How 9-11 Changed My Perspective

On September 11th 2001 I was driving up I-95 heading to Logan Airport in Boston. Traffic was a mess. Traffic in the Northeast is always a mess. So I opted for a Grateful Dead bootleg instead of listening to the radio.

I already knew about the traffic. I was in the middle of it!

I parked my car and checked into my flight. I was told it was delayed. With further inquiry, I got the agent to explain there was an incident in New York. A phone call from a colleague told me what I never expected; our country was under attack.

Before that morning I thought I had a really good life. I was pursuing one version of the American dream. Yet that day something in the way I viewed the world changed.

Call it a touch of paranoia. Call it a slap of reality. At that time the average  United States citizen really didn’t worry about domestic terrorist attacks or other such happenings. Those things took place in the European and Middle Eastern countries. That was why they had soldiers in their airports.  In the United States we didn’t worry about any of that; here we were safe. I often wondered how people live with fear and after 9-11, I found out.

I left Logan in a mental fog. Hit the Mass Pike and headed for the office. I had to reschedule the trip. My version of the American dream had business first, right? I worked at a major newspaper. Reality would hit fast.

My boss simply said, “Go home. Hug your family.”

It wasn’t long after I started to appreciate my life more than my job. A bedtime story with my kindergartener was better than a night in skybox. Dinner with my husband was far more superior to hanging out with movie stars. Pursuing my passion was finer than indulging a case of the material wants. I wondered why my career sucked up so much of my time and mental space.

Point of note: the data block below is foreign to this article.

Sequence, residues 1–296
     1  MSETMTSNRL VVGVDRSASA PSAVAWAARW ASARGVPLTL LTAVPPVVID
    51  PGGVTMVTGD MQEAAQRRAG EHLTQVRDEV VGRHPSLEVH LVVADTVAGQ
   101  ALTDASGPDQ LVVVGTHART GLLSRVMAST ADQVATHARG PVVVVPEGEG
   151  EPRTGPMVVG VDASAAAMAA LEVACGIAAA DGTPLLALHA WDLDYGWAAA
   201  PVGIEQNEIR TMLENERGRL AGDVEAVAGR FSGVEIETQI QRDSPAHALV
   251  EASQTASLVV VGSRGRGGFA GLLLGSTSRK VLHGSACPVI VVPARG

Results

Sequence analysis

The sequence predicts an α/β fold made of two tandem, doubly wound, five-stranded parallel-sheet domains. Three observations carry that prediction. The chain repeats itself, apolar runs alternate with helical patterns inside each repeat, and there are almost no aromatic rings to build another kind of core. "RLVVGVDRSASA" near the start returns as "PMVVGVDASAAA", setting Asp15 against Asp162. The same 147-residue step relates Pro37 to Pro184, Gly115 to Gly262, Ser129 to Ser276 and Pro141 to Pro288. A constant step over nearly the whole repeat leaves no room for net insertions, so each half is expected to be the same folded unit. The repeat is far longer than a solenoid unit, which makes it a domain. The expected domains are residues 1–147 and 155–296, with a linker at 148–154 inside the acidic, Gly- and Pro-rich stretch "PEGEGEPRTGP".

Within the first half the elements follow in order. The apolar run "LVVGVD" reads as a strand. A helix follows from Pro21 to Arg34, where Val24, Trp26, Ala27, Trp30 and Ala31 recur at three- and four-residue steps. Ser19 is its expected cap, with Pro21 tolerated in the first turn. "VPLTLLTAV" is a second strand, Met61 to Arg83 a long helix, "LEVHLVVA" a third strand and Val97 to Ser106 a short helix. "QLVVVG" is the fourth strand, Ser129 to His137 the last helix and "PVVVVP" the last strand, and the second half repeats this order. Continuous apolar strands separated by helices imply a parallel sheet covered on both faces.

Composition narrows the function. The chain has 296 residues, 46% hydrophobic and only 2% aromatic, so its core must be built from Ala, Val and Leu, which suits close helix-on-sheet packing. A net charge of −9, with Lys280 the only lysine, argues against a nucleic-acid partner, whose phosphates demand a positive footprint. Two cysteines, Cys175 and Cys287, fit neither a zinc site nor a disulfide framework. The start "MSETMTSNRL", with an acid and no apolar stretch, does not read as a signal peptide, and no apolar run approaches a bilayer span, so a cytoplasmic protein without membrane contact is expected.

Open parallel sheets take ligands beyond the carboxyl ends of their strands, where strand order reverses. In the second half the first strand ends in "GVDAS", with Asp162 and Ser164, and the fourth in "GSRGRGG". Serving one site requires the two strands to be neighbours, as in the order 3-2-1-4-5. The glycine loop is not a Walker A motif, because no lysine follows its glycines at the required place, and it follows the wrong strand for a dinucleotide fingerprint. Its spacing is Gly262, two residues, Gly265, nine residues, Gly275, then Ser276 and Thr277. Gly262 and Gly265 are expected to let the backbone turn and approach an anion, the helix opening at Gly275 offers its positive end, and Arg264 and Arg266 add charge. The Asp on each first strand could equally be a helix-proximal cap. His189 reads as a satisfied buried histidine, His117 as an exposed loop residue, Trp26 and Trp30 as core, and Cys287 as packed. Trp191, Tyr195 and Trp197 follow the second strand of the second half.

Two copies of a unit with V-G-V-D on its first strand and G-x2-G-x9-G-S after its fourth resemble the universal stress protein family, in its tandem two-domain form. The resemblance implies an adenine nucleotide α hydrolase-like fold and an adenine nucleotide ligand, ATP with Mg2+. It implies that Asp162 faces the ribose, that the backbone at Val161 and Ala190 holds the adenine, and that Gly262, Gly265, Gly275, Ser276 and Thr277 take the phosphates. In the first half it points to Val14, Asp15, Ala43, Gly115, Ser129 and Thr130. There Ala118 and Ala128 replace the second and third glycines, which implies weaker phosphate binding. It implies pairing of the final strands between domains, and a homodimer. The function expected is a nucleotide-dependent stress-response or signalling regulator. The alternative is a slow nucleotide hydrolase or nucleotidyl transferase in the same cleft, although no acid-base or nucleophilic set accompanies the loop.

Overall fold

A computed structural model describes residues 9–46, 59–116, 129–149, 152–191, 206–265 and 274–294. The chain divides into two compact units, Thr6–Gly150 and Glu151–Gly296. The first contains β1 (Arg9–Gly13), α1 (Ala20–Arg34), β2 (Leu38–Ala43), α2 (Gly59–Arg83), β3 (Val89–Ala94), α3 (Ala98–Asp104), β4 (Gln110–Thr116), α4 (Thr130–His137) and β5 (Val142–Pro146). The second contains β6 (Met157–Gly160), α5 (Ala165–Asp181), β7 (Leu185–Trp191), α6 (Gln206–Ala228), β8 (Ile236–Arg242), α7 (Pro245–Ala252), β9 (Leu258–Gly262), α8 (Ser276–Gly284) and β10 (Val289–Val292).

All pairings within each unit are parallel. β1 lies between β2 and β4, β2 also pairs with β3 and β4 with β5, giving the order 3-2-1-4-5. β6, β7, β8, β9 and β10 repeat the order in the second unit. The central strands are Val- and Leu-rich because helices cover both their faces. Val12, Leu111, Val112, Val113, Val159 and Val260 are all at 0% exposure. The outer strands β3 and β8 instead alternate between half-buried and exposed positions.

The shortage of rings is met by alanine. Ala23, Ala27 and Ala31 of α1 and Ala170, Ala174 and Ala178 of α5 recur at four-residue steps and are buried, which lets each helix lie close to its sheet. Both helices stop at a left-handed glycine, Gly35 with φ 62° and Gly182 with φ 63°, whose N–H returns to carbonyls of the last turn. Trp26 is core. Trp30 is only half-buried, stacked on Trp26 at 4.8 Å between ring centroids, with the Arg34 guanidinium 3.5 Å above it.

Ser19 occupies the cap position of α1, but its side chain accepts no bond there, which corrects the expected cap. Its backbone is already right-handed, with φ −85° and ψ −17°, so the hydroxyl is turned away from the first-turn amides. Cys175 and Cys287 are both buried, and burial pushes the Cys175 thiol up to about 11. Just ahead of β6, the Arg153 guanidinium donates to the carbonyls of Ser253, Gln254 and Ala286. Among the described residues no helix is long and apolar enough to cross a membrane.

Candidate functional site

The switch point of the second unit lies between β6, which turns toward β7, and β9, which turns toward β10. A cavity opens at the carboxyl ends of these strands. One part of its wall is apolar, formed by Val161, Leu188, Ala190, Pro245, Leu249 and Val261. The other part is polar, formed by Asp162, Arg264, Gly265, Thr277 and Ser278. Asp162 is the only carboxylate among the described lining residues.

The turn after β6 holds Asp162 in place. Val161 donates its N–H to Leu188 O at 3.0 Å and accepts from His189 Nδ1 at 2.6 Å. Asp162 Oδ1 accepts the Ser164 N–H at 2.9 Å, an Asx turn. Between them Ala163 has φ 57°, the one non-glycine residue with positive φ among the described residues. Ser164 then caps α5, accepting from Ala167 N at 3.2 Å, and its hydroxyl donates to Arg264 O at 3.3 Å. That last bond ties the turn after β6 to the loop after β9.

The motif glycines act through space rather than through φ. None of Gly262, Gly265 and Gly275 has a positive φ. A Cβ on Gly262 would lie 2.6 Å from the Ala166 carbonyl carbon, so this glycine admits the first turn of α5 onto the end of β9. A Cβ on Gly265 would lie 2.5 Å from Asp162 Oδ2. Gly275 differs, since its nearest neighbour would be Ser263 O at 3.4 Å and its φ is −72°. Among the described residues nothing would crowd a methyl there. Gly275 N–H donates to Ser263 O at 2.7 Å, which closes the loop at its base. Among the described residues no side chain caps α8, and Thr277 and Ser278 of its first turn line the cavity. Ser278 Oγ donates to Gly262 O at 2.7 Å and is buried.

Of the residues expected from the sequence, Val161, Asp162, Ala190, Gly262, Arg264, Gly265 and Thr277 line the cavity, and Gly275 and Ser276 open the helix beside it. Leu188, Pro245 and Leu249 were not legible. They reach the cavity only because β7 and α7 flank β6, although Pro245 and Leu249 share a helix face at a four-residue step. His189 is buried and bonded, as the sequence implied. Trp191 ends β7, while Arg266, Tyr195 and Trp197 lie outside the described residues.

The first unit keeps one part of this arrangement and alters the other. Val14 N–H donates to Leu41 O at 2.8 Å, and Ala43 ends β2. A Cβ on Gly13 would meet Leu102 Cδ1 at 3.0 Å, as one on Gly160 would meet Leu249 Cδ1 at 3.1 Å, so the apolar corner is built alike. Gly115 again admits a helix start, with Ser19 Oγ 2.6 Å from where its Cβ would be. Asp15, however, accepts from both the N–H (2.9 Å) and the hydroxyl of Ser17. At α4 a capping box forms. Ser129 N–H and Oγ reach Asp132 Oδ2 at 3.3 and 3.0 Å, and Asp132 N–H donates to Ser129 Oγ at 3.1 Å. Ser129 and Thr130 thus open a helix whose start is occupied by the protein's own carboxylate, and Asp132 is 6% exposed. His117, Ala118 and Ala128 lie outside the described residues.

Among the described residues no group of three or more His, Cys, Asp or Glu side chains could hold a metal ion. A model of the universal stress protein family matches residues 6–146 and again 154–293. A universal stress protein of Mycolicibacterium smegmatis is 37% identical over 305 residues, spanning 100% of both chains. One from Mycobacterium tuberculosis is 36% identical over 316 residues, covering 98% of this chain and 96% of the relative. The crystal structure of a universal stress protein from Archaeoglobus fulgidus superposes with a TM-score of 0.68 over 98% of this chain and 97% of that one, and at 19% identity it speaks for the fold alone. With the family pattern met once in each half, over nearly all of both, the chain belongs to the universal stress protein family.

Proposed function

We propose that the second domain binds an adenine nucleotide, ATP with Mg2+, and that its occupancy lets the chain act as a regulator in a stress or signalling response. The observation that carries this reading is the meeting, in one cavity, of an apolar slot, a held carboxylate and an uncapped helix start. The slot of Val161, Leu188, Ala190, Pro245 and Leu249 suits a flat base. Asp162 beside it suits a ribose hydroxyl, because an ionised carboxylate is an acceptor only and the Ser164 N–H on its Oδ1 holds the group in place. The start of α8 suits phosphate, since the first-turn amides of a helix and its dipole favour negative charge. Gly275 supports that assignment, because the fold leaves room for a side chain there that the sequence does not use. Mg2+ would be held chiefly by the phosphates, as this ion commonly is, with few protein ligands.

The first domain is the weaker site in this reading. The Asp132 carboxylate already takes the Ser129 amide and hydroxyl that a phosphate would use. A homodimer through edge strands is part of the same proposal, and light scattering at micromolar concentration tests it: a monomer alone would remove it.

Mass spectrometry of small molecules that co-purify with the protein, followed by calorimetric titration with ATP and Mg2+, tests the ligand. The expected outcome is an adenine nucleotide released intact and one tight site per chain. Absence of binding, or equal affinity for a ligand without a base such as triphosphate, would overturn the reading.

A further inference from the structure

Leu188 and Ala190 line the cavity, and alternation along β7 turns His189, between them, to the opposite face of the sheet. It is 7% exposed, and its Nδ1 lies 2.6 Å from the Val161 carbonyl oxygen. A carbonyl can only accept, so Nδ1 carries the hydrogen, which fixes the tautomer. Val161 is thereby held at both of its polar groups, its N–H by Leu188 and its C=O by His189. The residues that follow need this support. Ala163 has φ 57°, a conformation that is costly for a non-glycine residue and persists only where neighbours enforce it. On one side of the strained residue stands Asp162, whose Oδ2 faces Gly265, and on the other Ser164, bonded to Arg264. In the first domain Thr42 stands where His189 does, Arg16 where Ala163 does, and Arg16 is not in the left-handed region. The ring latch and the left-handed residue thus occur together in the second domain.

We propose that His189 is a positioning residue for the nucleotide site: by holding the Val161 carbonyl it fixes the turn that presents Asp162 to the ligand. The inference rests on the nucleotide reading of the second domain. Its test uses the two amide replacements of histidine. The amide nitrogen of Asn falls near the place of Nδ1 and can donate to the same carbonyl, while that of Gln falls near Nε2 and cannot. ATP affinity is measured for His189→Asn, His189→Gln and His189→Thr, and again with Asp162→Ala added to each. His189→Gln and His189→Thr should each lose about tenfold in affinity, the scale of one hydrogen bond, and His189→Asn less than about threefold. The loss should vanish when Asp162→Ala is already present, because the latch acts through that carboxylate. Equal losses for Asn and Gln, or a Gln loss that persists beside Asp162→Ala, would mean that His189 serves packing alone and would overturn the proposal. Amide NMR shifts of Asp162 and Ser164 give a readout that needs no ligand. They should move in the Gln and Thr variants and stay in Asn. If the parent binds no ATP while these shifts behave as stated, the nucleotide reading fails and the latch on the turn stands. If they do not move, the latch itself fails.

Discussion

9-11 kicked me off the hamster wheel.

As a nation, we now have a before and after 9-11-01 definition of normal. The before version of me was very driven and I can admit, not always the nicest person.

The after version still has goals, yet appreciates simplicities such as a slower pace, jazz in the woods, and staring at the moon. I like to think that I’m a bit nicer at least when I’m not driving. I still have issues with the traffic on I-95 that even Jerry Garcia live cannot solve.

This weekend my little town has a memorial out. A flag representing the country of every person who was murdered that day graces our town green. As beautiful and patriotic as this sight is, like with every tragedy, one wishes that this display wasn’t necessary. That the cataclysm never took place.

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Honing Ones Craft While Totally Geeking Out

Every human needs to recharge. Sometimes we use a different phrase for this process. I need to align my chi, restore my batteries, or simply take a nap. This is all the same process. For the last month I have been fortunate to be at live music events more nights than not. This helps recharge my soul. And this week I nurtured in a different way: ThrillerFest!

ThrillerFest is a five-day writer’s paradise where I had the pleasure of attending workshops with the great Walter Mosley, Bob Mayer, and David Morell. Yes – the women were present too! Heather Graham and L.S. Hawker were roaming the halls.
Here in the city (New York for those who are not East Coast -centric) I had the privilege of learning from the best thriller novelists in the business. They were generous with their advice and accessible to answer questions. (Confession time – I geeked out a little bit. (See Walter Mosley selfie)

My geeking didn’t stop there. I spent a day at The Federal Bureau Of Investigation, the F.B.I. for short. The agency provided an overview for writers in order to obtain an accurate depiction of their agents. Here we had the opportunity to ask questions about procedure as long as it didn’t interfere with any current cases. For me, it was good to discover some of my characters were accurate and my Maximum Mayhem sequel will follow procedure.

Writers are a strange bunch. Most of our creating is done solo, perhaps in coffee shops or bars. ThrillerFest featured many established writers yet they welcomed novices with open arms and encourage all to pursue their dreams. Seminars were relate-able to those who wrote their first sentence or are in the process of finishing their fifth novel.

We congregated. We told stories. We celebrated. The atmosphere rocked! All in the name of stories!